<Envelope>    <Body>       <find_tModel generic="1.0" maxRows="100">          <findQualifiers/>          <name>stock quote</name>       </find_tModel>    </Body> </Envelope> 

Step 2: Registry Service Responds with List of Services Matching Request

A list of tModel keys is returned. These keys are used for the subsequent query:

 <soap:Envelope>   <soap:Body>     <tModelList generic="1.0" operator="Microsoft Corporation" >       <tModelInfos>         <tModelInfo           tModelKey="uuid:7aa6f610-5e3c-11d7-bece-000629dc0a53">           <name>Stock Quote</name>         </tModelInfo>         <tModelInfo           tModelKey="uuid:265973ab-31cb-4890-83e0-34d9c1b385e5">           <name>Stock Quotes and Information</name>         </tModelInfo>       </tModelInfos>     </tModelList>   </soap:Body> </soap:Envelope> 

Step 3: Retrieve Overview Document Containing WSDL

Send a request for tModel details for the service with the specified tModelKey:

 <Envelope>    <Body>       <get_tModelDetail generic="1.0">          <tModelKey>uuid:7aa6f610-5e3c-11d7-bece-000629dc0a53          </tModelKey>       </get_tModelDetail>    </Body> </Envelope>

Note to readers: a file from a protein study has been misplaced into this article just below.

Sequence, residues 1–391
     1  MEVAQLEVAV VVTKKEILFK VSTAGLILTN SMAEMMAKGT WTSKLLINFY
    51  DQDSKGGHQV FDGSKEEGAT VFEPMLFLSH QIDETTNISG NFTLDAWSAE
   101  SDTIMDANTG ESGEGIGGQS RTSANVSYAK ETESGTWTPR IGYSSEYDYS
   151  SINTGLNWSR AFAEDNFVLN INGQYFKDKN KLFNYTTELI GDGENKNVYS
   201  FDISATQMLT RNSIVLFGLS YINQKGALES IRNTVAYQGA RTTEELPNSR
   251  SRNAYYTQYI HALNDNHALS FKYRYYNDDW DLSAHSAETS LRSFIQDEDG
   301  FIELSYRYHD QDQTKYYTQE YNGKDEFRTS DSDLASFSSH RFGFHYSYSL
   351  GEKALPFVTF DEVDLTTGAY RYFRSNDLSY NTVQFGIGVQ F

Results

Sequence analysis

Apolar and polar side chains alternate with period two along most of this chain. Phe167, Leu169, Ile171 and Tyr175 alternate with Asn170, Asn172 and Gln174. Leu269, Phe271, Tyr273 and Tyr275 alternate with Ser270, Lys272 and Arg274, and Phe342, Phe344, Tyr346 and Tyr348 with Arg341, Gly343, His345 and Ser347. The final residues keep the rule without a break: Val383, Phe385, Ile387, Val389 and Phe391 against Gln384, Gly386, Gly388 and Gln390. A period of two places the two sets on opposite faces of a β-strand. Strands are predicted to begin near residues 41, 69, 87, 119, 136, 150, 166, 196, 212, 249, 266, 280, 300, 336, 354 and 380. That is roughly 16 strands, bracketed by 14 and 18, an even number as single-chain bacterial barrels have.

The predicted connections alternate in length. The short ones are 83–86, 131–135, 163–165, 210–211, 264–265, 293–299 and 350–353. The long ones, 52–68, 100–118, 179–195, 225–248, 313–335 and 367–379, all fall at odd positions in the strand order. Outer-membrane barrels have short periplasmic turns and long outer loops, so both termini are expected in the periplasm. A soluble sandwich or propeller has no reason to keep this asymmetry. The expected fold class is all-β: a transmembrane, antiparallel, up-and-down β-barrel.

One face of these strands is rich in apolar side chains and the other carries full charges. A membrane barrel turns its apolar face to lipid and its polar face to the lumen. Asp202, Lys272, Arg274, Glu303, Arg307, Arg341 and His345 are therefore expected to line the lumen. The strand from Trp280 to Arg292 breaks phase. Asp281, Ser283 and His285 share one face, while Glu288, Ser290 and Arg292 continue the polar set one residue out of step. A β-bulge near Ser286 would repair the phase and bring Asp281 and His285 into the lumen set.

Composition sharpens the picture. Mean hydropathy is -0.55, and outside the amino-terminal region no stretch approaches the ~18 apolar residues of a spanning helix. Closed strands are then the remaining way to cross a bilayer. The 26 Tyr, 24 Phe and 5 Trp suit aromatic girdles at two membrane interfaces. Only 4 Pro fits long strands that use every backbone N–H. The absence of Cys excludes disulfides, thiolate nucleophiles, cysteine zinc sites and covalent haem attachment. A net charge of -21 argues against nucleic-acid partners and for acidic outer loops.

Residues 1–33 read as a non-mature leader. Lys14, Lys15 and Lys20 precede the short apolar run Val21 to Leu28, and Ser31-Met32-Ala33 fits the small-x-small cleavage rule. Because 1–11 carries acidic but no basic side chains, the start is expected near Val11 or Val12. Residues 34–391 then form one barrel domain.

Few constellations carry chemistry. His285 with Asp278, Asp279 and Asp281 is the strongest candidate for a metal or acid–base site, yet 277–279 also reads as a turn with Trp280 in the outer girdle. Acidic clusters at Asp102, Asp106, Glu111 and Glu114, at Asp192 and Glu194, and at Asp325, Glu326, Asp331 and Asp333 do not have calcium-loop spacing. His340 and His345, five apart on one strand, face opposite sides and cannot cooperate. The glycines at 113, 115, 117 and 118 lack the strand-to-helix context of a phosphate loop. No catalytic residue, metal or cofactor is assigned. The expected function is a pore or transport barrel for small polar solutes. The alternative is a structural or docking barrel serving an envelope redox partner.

The response message includes the OverviewURL element that points to a WSDL document. This document contains the information needed to create an application to access the service.

 <overviewDoc>    <description xml:lang="en">       Get Stock quote for a company symbol    </description>    <overviewURL>       http://www.webservicex.net/stockquote.asmx?WSDL    </overviewURL> </overviewDoc> 

You can display the WSDL by pointing your browser to this URL. To invoke the Web Service, remove the query string (?WSDL) from the URL, and navigate to it with your browser.

How to Communicate with a UDDI Service Registry

To interact with a UDDI registry whether to publish or inquire you need a way to generate SOAP requests and interpret responses. One option is to write your own application using the Microsoft UDDI 2.0 SDK. It contains excellent C# examples that demonstrate the API and can be run against a test UDDI registry hosted by Microsoft.

For making registry inquires, Web-based UDDI browsers are available. A publicly available one as well as a wealth of accompanying UDDI information can be found at


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    Core C# and  .NET
    Core C# and .NET
    ISBN: 131472275
    EAN: N/A
    Year: 2005
    Pages: 219